Despite a fourth-quarter roster that includes a rash of summer theatrical disappointments, DVD is expected to once again smash sales records as more consumers adopt the format, while those who already have continue to buy discs at a record pace.
With DVD penetration at nearly 50 million households, 15 million more than a year ago, sales during the Christmas quarter are expected to increase as much as 50%, according to Warner Home Video estimates. All of the major studios’ homevid divisions will be spending record amounts on advertising and media events centered around the biggest releases to entice consumers.
As usual, releases on DVD of summer tentpoles should lead the way.
Following a long line of animated hits that have done well on homevid, Disney/Pixar’s “Finding Nemo” (out Nov. 4) is expected to easily net the top DVD sales position for the quarter — and, perhaps, all time.
Altogether, there are 15 summer movies that grossed more than $100 million in domestic B.O. this summer at the box office due out on DVD in the fourth. Among them, Top sellers should include Disney’s “Pirates of the Caribbean: Curse of the Black Pearl,” Warner’s “Matrix Reloaded” and “Terminator 3: Rise of the Machines,” Fox’s “X-Men 2: X-Men United,” Sony’s “Bad Boys 2” and Paramount’s “The Italian Job.” in October.
Meanwhile, based on the strength of summer titles “2 Fast 2 Furious,” “The Hulk,” “Bruce Almighty,” “Seabiscuit” and “American Wedding,” Universal Studios Home Video expects to surpass its record-breaking 2001 fourth quarter, when it grossed $1 billion.
This year’s release slate will be bolstered by a powerful group of franchises hitting DVD for the first time. Disney’s “The Lion King” — which reigns as the top video seller of all time with sales of 31 million VHS units since 1995 — roars onto DVD in October backed by a $150 million marketing campaign.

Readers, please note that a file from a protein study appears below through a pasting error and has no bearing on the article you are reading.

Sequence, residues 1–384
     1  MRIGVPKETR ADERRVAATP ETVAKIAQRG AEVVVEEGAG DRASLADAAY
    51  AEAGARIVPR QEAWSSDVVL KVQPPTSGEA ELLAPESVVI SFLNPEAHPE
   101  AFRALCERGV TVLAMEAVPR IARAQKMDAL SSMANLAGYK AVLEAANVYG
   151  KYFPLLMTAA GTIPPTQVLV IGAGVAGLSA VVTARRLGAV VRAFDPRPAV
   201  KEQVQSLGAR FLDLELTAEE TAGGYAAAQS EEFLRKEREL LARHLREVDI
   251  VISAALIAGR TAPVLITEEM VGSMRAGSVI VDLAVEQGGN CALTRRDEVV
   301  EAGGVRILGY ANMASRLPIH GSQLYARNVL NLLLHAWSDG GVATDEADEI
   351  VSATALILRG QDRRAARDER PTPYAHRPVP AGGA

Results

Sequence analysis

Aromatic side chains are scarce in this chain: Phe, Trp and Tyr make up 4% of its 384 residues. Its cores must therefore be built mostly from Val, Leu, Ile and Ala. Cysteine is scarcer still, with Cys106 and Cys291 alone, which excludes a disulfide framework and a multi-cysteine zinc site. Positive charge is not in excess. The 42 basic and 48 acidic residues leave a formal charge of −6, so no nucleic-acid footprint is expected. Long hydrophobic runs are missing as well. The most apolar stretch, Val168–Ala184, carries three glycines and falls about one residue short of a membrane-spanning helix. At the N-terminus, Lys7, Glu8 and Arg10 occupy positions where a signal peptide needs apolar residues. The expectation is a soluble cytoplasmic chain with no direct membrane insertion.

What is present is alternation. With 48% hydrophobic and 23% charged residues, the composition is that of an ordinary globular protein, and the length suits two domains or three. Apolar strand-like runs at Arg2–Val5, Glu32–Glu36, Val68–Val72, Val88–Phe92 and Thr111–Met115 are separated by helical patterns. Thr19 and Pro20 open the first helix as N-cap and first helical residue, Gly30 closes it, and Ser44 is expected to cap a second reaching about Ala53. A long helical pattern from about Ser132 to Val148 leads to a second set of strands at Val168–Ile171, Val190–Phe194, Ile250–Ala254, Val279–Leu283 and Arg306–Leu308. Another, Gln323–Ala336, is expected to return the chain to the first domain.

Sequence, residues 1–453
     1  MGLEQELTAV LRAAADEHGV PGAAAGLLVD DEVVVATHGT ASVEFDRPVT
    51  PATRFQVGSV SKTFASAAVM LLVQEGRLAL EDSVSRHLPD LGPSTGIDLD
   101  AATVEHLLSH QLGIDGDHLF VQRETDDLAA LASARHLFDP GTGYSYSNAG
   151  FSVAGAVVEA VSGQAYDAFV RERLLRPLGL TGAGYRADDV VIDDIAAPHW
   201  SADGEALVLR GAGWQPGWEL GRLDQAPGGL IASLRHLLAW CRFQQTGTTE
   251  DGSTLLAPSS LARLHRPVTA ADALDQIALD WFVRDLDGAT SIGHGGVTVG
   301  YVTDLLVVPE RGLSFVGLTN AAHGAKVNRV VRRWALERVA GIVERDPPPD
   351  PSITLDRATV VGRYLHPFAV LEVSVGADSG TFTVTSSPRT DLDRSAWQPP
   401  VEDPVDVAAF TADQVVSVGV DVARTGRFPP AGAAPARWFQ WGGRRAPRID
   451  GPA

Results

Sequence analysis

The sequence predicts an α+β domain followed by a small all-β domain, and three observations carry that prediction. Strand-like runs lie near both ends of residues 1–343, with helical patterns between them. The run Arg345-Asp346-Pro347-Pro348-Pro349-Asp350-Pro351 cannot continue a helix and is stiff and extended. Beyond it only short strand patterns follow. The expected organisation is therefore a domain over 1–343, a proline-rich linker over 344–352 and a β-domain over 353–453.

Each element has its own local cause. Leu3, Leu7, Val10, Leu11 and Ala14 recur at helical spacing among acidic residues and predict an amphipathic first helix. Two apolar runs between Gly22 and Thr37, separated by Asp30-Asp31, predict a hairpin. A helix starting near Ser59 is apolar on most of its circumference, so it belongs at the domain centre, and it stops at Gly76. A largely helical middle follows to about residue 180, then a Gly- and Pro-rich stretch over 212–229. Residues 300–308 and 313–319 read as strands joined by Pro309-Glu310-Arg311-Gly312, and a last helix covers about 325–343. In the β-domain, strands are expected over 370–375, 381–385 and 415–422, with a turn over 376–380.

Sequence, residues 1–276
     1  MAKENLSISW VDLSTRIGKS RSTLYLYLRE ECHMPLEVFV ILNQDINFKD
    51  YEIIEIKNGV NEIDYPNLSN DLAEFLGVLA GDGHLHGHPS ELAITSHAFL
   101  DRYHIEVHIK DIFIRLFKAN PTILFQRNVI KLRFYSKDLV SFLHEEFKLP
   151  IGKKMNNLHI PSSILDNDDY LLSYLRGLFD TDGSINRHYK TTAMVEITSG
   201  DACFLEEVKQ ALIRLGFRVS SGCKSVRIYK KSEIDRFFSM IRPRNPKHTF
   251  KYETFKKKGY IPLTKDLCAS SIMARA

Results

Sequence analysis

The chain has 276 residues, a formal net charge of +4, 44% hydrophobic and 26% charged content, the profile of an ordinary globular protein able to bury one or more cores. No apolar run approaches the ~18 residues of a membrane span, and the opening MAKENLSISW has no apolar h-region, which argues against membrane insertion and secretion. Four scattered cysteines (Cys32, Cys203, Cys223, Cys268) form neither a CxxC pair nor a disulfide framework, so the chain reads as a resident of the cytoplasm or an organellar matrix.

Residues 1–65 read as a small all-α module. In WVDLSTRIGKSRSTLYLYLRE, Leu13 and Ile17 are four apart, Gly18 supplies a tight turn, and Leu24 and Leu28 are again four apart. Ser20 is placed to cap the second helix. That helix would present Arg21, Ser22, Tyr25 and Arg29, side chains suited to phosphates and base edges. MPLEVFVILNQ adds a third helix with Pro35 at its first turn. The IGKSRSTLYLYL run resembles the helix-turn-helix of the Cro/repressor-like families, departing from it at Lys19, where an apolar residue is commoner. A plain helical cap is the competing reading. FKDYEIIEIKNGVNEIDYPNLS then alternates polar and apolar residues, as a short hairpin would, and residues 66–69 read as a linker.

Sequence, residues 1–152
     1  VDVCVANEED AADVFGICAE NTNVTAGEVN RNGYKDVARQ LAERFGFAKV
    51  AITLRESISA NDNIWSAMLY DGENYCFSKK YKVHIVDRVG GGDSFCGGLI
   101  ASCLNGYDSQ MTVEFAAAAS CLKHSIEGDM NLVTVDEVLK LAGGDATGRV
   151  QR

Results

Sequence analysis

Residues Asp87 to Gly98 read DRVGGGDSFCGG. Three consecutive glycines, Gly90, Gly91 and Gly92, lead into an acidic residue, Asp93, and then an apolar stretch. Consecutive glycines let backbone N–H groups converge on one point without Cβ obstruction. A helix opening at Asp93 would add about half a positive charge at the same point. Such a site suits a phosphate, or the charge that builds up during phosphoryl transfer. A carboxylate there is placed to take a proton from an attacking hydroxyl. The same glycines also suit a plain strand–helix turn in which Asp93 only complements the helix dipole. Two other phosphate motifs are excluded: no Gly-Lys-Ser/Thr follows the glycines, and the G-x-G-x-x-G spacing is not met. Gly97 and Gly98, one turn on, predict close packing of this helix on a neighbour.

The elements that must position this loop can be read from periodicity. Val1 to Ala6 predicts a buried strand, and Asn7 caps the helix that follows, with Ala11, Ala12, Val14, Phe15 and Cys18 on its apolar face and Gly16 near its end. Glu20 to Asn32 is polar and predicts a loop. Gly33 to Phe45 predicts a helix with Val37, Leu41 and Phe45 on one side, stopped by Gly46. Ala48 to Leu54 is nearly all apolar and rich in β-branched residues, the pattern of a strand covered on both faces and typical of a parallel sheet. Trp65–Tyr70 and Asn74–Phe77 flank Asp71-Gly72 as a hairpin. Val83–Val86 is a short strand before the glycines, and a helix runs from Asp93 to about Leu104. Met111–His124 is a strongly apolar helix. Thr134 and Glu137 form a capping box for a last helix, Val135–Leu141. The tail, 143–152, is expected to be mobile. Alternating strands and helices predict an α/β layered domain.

“The Lion King” is just one of a handful of venerable film franchises coming to DVD for the first time in Q4.
In October, Paramount Home Entertainment debuts will release the “Indiana Jones Trilogy” on DVD for the first time. Both venerable franchises are expected to reach new release heights of millions in unit sales on DVD.
Also due out in Q4 is the long-awaited “The Adventures of Indiana Jones: The Complete Movie Collection” from Paramount Home Entertainment, a special edition of “Scarface” from Universal, a nine-disc “Alien Quadrilogy” set from Fox Home Entertainment and New Line’s “The Lord of the Rings: The Two Towers Extended Edition” (distributed by Warner Home Video).
Other catalog titles getting special-edition treatments in Q4 include “Chitty Chitty Bang Bang” from MGM, “JFK” from Warner, and Artisan’s “Dirty Dancing” and “On Golden Pond.”
, Each of these venerable franchises is expected to sell millions on DVD
, “Chitty Chitty Bang Bang” from MGM and “Dirty Dancing” from Artisan Home Entertainment
And then there’s the fast-emerging TV-on-DVD category.Just about every studio and independent company is releasing a set from TV DVD dominator Notable fourth-quarter releases product launches will include Warner’s “The West Wing: The Complete First Season,” HBO’s “The Sopranos: The Complete Fourth Season” and “Sex and the City: The Complete Fifth Season,” Fox’s “X-Files: The Complete Eighth Season,” Miramax/Buena Vista’s “The Osbournes: The Second Season” the DreamWorks miniseries “Steven Spielberg Presents Taken,” and Lions Gate’s “Anna Nicole Smith Show,”
As with any holiday season, family/children’s movies are also expected to do well. That could offer a second chance to DreamWorks’ “Sinbad: Legend of the Seven Seas,” which lost its way at theaters. There’s also a crush of made-for-DVD CGI-animated movies, including Artisan’s slate of “Barbie of Swan Lake,” “Hot Wheels” and “Rescue Heroes,” Miramax’s “Bionicle: Mask of Light”; Universal’s “The Land Before Time X: The Great Longneck Migration,” and Warner’s “Batman: Mysteries of the Batwoman.”
Meanwhile, suppliers expect solid homevid performance from the summer’s sleeper hits. Columbia will release “Whale Rider,” “Nowhere in Africa,” “The Secret Lives of Dentists” and “Spellbound.” Fox will launchis hoping for the same with releases of “28 Days Later” and “Bend It Like Beckham.” And DreamWorks will enter the anime arena with “Millennium Actress.”